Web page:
A new concept called the ‘mediverse’ is being developed with the help of tech specialists at the University of South Wales (USW).
Medical training business Goggleminds has come up with the idea – which continues the notion of the ‘metaverse’ – as it develops virtual reality technology for training medics and students.
Goggleminds is run by Cardiff-based entrepreneur Azize Naji. The holder of two degrees – in law and environmental risk management – and a Masters in occupational health, safety and wellbeing, he has previously worked for the NHS as a health, safety and wellbeing practitioner.
The Goggleminds concept mirrors actual situations that medics are likely to be facing when doing their training, without the need to have real people on which to test their skills.
“What we do is we use the power of virtual reality technology to re-create clinical environments and clinical scenarios to replicate what you’d get in real life,” Mr Naji said.
“So a doctor or nurse, surgeon, or medical student, can test those skills and can retain that knowledge without having to put themselves or patients in danger.”
While Goggleminds looks at developing systems to prepare medics for operating on patients of all ages, the experts at the USW-based Centre of Excellence in Mobile and Emerging Technologies (CEMET) have been working closely with the company to develop a system which focuses specifically on treating children.
“Through the CEMET project we really wanted to focus on and hone in on paediatrics,” Mr Naji said.
“When specialists are learning about treating children there are more challenges than when dealing with adults, such as consent, the ethics, do we want to put children through any possible trauma?
“So essentially, we’ve addressed those challenges and aim to make it a positive experience for those learning those skills, and make it more accessible.”
Goggleminds is already working with a number of healthcare professionals and medical students in NHS providers and Universities in England and Wales and has created a library of simulations. It is from here that the idea of the ‘mediverse’ was born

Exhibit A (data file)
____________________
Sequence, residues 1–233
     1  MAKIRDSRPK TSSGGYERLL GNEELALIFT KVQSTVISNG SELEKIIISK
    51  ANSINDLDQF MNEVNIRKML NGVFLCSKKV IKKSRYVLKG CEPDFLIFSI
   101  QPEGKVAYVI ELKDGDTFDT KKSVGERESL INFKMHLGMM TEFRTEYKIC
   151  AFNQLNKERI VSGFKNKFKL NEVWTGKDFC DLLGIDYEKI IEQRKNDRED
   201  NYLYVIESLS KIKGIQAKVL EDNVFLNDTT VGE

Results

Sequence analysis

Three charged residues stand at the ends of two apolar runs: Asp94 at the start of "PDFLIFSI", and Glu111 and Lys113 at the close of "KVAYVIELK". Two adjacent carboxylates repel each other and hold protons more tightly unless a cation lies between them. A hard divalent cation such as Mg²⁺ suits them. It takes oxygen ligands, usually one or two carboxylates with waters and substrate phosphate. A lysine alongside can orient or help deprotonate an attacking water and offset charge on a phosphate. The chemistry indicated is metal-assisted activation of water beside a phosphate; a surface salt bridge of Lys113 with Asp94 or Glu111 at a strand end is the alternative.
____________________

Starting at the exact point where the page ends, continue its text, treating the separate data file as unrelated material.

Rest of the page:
“You might have heard of ‘metaverse’ – a virtual-reality space in which users can interact with a computer-generated environment and other users – and we’ve taken it one step further with the ‘mediverse’,” Mr Naji said.
“So it’s a medical digital platform to allow healthcare professionals and medical students to learn and connect with one another nationally and internationally.”
And the new concept is one that CEMET has been supporting through the development of the training tool.
“The experience is great,” Mr Naji said. “From when we engaged with CEMET specialists we were able to talk about ideas, what we wanted to develop, and what it could look like.
“We really wanted to utilise their skills and experience to develop something. It was seamless. They made what was maybe a little bit complex, which we needed support with, very easy for us to understand.”
Daniel Powell, Analyst Developer at CEMET, said: “We created a scenario allowing a student and teacher to enter a virtual hospital room equipped with all the tools needed for a tracheotomy.
“The student can complete guided training or a test, during which they can interact with the tools they need during the procedure. They can also learn how the patient could respond during the procedure, such as becoming pale or their heart rate slowing.
“At the end they are shown the results and hints for a better performance.”